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John Stephens Wood

From Wikipedia, the free encyclopedia

John Stephens Wood
Member of the U.S. House of Representatives
from Georgia's 9th district
In office
January 3, 1945 – January 3, 1953
Preceded byB. Frank Whelchel
Succeeded byPhillip M. Landrum
In office
March 4, 1931 – January 3, 1935
Preceded byThomas Montgomery Bell
Succeeded byB. Frank Whelchel
Member of the Georgia House of Representatives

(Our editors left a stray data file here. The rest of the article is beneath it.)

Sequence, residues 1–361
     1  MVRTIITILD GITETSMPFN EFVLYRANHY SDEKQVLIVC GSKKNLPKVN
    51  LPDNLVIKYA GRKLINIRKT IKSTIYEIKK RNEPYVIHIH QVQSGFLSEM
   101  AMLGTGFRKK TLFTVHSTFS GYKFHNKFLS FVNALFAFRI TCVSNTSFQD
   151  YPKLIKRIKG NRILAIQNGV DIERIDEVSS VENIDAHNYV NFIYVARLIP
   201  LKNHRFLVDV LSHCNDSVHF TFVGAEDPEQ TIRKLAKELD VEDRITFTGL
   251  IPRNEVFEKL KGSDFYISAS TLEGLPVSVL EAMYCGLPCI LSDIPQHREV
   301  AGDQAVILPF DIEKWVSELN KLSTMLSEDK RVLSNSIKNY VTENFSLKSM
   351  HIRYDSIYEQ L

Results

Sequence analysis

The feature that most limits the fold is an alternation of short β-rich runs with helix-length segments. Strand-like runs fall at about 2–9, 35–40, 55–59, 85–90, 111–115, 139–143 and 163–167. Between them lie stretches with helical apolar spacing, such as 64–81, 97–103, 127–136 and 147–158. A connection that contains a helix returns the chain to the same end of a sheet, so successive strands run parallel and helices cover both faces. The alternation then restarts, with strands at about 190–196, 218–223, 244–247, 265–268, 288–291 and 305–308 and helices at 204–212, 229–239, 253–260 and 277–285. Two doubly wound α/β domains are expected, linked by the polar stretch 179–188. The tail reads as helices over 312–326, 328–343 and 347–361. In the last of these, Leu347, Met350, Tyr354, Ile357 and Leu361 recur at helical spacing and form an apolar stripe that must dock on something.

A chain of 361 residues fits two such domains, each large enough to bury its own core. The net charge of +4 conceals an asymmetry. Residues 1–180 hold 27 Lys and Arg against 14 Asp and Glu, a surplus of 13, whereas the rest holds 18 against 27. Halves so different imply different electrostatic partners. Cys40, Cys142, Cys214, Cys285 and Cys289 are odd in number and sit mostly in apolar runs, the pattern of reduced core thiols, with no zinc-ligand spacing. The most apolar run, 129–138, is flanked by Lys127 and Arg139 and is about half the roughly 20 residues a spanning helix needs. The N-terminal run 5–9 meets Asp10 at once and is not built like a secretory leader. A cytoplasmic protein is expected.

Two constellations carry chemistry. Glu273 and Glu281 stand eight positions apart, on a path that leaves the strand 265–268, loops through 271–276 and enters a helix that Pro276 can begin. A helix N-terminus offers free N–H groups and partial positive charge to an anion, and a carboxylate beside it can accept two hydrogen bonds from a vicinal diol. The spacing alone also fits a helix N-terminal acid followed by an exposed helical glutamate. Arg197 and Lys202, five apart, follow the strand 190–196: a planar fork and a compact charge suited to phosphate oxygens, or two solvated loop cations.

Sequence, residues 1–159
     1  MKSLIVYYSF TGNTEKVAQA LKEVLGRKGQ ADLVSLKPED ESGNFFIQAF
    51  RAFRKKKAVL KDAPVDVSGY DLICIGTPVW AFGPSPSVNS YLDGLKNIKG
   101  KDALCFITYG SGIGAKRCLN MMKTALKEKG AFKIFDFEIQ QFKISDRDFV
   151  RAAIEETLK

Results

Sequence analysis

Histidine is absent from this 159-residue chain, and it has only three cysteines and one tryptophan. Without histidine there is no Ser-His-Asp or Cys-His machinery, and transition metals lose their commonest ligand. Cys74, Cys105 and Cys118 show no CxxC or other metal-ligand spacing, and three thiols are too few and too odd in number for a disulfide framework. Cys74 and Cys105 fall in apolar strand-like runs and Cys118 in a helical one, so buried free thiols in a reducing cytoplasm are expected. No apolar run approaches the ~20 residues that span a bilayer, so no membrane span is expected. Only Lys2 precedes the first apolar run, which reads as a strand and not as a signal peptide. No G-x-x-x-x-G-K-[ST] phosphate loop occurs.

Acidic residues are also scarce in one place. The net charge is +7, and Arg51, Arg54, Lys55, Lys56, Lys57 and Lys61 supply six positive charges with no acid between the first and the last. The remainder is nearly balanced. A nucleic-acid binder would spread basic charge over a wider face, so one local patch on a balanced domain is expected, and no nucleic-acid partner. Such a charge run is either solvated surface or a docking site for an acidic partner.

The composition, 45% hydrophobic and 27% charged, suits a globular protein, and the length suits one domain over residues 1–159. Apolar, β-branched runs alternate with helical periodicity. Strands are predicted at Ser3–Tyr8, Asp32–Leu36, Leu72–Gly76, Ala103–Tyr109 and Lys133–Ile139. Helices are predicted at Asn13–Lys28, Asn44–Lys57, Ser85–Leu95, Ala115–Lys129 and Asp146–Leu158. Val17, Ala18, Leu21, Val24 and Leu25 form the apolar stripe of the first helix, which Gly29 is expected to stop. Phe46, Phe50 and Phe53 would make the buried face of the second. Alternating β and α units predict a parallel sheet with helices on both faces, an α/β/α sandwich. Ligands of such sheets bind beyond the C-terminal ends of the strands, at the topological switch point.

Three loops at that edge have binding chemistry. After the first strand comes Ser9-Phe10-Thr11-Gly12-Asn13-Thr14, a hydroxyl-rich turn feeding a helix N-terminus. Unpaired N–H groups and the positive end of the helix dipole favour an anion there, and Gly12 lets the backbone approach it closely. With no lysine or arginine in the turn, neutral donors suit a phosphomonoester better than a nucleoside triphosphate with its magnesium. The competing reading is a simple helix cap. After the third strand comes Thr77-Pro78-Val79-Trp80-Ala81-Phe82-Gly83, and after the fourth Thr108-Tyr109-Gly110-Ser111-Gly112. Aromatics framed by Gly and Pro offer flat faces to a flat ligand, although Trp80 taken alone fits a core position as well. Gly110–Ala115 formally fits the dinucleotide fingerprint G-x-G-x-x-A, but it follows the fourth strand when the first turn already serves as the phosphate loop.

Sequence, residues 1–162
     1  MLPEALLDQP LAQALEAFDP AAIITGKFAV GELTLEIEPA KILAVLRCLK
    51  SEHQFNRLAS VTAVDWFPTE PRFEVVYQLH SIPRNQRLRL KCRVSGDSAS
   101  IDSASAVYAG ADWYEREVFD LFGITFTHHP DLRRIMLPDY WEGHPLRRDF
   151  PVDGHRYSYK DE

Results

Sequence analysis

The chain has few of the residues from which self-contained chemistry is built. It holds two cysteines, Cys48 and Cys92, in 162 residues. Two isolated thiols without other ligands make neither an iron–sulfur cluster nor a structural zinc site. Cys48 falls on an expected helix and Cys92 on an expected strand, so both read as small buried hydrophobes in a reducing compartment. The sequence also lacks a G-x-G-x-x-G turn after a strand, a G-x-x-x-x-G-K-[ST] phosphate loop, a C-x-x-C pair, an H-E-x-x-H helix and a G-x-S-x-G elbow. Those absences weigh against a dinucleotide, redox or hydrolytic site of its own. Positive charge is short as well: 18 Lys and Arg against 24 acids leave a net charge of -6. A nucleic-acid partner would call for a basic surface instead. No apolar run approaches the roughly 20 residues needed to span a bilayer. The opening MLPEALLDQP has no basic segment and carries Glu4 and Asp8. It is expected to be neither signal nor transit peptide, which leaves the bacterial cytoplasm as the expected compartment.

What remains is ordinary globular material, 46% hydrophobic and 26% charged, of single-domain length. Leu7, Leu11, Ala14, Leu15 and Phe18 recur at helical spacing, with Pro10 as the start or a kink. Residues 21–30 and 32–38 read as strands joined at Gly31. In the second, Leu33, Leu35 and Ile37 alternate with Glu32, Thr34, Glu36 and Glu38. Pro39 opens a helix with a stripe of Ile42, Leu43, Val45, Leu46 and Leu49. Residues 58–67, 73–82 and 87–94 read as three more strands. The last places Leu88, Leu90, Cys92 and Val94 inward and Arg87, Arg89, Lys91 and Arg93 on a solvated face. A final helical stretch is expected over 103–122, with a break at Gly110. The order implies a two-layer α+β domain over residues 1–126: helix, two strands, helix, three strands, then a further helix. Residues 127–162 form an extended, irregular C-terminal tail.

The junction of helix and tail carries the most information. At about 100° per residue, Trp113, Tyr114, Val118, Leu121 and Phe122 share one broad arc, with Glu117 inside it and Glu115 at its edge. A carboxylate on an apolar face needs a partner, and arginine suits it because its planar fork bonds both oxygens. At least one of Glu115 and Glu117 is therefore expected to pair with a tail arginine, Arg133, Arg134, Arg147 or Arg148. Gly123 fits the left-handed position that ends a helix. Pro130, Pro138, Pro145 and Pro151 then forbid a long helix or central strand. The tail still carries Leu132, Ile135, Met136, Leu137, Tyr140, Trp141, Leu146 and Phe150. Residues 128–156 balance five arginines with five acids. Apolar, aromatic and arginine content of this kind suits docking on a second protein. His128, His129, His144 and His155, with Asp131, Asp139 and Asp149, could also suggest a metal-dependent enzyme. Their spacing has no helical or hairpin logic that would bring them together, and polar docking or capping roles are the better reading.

In office
1917
Personal details
Born(1885-02-08)February 8, 1885
Cherokee County, Georgia
DiedSeptember 12, 1968(1968-09-12) (aged 83)
Marietta, Georgia
Political partyDemocratic Party
Alma materMercer University

John Stephens Wood (February 8, 1885 – September 12, 1968) was an American attorney and politician from the state of Georgia, USA. He served as a Democrat in the United States House of Representatives, 1931–1935 and 1945–1953.

YouTube Encyclopedic

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  • ✪ The Most Amazing Thing About Trees
  • ✪ David Stephens, Auguries of Idolatry

Transcription